Monday, May 3, 2021

Pressure to expand euthanasia and assisted suicide laws.

Alex Schadenberg
Executive Director, Euthanasia Prevention Coalition

As I have written before, the euthanasia lobby will promote "safeguards" or limits to assisted dying laws to sell its legalization to the public, but once legalized the death lobby will soon promote the expansion of the law.

For instance, the first legal challenge to Canada's euthanasia law was launched only 10 days after parliament passed Bill C-14. Canada's parliament introduced Bill C-7, to expand Canada's euthanasia law, on February 24, 2020, less than four years after legalizing euthanasia and without carrying out the required review of the euthanasia law. 

YES, Canada expanded its euthanasia law without first completing a review of the law that the legislation required.

Australian states are also being pressured to expand their euthanasia laws, even though they only recently legalized medical killing.

HOPE Australia reported that there is pressure to expand the Western Australian euthanasia law even before it has been implemented and an article published in The Age on May 3 reports that a bill will be debated in Victoria Australia to expand its euthanasia law, a law that has only been in place since 2019.

California is debating Bill SB 380 to expand its assisted suicide law and Washington State debated a bill to expand its assisted suicide law that thankfully failed to pass.

Jurisdictions that are considering the legalization of euthanasia need to be aware that the safeguards (that are usually written with imprecise language) are designed to sell the legalization of medical killing and not designed to protect people in vulnerable situations.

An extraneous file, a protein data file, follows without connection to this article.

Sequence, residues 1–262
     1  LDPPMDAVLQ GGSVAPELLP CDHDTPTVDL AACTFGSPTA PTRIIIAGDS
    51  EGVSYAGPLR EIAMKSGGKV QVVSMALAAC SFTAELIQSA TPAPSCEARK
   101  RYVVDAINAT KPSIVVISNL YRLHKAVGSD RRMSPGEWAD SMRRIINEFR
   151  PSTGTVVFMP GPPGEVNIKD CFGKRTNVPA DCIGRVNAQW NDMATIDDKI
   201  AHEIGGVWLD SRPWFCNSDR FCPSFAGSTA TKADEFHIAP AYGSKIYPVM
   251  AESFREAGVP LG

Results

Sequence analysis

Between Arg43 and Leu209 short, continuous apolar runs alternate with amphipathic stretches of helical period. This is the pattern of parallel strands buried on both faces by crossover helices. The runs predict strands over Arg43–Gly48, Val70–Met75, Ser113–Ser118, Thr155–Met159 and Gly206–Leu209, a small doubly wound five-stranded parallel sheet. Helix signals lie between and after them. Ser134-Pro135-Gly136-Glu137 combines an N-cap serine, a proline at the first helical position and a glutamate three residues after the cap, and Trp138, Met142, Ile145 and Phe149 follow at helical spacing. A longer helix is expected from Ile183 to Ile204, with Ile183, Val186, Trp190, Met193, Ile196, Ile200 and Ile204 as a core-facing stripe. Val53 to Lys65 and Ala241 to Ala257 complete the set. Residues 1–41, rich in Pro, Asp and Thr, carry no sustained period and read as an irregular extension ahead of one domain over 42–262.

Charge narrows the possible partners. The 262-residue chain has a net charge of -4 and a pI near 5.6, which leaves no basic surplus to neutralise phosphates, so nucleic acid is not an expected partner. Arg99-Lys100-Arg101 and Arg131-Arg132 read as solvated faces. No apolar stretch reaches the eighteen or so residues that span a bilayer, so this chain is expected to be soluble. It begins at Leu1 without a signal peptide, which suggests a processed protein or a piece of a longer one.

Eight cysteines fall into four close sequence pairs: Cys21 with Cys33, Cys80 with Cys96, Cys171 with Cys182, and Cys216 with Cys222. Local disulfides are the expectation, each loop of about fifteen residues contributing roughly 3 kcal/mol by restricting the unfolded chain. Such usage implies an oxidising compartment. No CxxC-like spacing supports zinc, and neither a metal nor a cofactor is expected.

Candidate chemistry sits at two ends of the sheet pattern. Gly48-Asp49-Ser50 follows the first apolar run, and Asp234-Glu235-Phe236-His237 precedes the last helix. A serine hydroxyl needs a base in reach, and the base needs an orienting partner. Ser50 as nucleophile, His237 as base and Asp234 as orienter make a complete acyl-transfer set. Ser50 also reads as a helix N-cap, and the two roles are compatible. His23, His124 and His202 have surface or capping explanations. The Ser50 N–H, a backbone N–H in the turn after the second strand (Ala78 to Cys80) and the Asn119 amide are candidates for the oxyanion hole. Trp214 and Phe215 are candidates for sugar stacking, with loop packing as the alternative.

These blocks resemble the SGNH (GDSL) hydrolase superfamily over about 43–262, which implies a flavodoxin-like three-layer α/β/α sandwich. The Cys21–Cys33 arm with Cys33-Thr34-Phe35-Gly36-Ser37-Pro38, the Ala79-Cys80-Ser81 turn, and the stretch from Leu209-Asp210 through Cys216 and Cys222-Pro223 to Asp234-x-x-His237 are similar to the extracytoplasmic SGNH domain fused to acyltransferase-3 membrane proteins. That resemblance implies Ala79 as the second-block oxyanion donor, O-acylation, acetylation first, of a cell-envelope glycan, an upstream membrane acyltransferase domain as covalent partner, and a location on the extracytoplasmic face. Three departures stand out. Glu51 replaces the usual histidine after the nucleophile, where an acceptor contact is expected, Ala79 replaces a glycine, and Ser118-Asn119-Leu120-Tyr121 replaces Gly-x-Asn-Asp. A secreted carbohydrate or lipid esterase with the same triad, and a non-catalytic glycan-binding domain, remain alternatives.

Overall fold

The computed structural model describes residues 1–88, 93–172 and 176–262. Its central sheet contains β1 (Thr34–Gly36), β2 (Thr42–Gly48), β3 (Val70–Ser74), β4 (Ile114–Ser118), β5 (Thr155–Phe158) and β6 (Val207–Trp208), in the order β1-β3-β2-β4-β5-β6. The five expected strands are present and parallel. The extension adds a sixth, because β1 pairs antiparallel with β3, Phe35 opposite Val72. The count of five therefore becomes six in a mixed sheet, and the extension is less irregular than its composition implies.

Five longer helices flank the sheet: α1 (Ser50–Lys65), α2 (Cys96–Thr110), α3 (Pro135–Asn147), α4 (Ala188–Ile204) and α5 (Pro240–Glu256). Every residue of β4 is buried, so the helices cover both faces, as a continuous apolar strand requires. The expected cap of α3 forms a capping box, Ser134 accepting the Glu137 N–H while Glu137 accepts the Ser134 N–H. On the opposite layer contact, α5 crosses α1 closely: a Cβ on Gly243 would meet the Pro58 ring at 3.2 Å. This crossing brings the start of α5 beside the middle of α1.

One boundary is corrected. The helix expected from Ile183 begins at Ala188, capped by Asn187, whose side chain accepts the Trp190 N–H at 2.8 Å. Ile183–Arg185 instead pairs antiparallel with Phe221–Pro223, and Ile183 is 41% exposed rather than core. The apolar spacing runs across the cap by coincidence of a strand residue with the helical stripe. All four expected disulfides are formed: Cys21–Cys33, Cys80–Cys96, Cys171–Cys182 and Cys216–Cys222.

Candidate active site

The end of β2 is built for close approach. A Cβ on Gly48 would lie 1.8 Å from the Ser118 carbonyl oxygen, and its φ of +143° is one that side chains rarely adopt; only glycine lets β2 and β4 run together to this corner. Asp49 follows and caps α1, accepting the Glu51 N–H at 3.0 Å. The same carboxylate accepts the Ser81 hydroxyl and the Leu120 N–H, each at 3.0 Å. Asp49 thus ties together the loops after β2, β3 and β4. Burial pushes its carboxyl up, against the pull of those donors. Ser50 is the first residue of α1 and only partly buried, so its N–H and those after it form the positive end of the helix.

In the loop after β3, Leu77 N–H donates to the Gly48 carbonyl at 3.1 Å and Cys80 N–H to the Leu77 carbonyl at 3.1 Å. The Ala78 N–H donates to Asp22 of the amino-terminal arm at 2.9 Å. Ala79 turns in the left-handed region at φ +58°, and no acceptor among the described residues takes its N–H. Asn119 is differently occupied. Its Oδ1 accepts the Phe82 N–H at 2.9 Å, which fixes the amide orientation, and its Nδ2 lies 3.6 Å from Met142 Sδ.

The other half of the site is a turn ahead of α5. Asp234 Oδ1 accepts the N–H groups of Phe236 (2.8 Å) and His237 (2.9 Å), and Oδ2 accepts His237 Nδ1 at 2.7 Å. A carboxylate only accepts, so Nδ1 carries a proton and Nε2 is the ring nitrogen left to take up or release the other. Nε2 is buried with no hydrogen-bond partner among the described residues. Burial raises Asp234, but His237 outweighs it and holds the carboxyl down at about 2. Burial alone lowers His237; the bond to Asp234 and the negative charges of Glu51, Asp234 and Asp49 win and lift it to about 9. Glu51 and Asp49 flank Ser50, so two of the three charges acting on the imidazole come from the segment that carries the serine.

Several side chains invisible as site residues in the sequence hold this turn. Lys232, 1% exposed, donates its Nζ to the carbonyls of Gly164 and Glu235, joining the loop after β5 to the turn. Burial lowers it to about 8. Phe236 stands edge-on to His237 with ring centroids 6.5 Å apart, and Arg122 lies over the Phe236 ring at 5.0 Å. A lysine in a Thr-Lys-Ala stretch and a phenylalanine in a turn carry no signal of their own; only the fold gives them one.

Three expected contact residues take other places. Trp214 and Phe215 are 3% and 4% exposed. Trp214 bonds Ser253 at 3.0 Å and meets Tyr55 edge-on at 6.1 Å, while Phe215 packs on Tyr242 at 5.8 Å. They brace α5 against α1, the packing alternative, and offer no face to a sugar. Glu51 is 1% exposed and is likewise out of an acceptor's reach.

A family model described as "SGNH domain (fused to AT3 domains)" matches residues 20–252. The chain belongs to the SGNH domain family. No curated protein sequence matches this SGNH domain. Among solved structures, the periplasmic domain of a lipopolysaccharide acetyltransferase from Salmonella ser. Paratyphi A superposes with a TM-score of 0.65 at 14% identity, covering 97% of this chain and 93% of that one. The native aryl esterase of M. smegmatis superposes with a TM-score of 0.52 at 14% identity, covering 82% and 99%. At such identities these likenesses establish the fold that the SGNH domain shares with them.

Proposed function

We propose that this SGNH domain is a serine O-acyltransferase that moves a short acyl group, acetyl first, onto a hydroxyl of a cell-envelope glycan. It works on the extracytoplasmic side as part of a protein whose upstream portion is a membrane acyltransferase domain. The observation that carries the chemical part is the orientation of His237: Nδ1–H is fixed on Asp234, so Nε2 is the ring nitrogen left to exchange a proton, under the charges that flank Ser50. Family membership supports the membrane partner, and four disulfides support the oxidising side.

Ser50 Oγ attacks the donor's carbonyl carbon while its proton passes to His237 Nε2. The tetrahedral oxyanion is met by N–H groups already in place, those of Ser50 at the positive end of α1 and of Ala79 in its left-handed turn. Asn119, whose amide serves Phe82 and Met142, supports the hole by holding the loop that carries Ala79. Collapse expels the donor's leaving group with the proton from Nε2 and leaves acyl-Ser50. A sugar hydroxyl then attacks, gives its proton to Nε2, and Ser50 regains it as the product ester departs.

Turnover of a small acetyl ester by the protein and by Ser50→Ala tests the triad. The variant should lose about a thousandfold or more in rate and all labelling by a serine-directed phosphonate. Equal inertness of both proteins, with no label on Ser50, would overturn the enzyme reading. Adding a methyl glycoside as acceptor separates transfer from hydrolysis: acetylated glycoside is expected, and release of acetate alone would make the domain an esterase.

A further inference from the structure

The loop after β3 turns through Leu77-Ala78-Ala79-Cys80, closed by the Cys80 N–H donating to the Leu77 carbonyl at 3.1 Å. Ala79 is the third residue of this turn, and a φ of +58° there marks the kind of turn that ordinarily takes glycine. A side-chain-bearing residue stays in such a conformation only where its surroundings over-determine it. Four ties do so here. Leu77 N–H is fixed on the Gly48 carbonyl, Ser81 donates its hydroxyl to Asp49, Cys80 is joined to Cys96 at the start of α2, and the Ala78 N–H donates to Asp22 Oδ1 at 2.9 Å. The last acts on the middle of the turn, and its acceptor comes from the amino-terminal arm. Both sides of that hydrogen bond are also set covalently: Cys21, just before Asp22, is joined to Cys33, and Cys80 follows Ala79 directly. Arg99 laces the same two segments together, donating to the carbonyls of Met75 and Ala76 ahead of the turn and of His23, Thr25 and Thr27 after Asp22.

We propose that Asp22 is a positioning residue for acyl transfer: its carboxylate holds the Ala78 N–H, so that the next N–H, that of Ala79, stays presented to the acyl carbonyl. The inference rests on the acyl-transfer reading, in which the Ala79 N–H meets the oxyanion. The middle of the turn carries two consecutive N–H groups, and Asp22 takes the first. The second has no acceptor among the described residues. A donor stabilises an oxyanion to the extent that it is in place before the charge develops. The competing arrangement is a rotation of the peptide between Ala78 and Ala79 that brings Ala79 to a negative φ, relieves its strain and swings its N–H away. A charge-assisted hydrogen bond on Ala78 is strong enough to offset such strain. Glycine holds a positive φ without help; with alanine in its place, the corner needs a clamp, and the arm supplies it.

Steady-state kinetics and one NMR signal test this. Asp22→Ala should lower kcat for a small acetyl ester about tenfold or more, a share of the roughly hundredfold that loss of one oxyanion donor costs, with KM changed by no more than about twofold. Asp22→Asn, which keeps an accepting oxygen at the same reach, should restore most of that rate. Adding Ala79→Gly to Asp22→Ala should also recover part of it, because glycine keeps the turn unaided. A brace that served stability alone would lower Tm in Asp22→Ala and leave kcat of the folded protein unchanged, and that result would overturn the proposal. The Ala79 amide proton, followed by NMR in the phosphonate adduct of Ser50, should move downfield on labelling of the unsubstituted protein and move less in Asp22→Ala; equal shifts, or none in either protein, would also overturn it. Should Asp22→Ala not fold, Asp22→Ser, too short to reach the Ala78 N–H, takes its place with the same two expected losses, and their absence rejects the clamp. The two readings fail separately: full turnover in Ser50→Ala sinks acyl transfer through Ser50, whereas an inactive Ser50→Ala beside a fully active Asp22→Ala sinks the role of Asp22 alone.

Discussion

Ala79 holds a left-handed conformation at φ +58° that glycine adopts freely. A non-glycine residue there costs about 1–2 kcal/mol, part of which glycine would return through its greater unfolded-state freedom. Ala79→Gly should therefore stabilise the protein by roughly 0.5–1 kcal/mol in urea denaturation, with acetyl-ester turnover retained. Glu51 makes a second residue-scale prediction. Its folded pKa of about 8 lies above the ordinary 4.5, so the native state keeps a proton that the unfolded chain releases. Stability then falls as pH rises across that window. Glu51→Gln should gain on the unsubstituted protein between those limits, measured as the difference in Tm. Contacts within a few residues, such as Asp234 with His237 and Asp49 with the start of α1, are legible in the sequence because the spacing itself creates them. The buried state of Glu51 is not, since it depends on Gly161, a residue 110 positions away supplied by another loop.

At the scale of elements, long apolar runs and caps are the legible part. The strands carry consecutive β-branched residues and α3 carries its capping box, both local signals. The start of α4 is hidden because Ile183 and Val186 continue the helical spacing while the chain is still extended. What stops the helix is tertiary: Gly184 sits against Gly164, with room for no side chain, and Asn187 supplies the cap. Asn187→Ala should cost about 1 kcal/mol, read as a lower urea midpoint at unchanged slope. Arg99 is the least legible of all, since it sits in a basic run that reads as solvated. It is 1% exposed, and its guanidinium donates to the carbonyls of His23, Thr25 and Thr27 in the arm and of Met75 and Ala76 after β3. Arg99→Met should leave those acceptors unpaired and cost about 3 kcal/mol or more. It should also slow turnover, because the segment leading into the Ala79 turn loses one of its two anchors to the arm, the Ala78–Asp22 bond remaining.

The assisted death lobby views these "safeguards" as creating a pathway to legalization and after legalizing the act they promote these same "safeguards" as barriers to access.

Negotiating the "safeguards" will not lead to a safer law, it only provides the death lobby with an ability to sell the law to the general public. Once legal, the death lobby will propose expansions.

1 comment:

gordon friesen said...

This is indeed a most diabolical ratchet-like strategy. Although we have experienced it up close in Canada, it remains difficult to offer definite advice to our friends elsewhere.

One point, I believe to be key, is the whole question of "legal" vs "desirable", and this, particularly from a medical standpoint. USA for instance, is not like Canada. The govt can not just decree the nature of medicine the way that has been done in our socialist system.

As an analogy, I would reference the Declaration of Independence, where some rights are delimited, including the "pursuit of happiness". Please note that "happiness" itself is not defined as a right, but only its "pursuit". In the same way, I would like to see our American cousins insist that the decriminalization of assisted suicide in no way entails a "right" to that service (as has so perniciously been claimed in Canada). A suicidal individual has the mere right to "pursue" that service (by finding a Dr or clinic willing to accommodate him within the scope of the law). No more.

In particular, there is no reason, in a free medical system, why any institution should be held to offer this service. On the contrary. Free competition would imply that hospitals be allowed to exploit this consumer advantage by hanging prominent banners on the front of their facilities clearly proclaiming : "Doctors will kill no patients here".

Once again, as we have found in Canada, the real battle is not about legalization, it is about normalization. And people in the USA have advantages to fight that terrible tendency which we do not have. I wish to warmly encourage our American friends to use those precious advantages to the utmost.

Gordon Friesen, Montreal (français) (english site in development) (personal philosophical musings)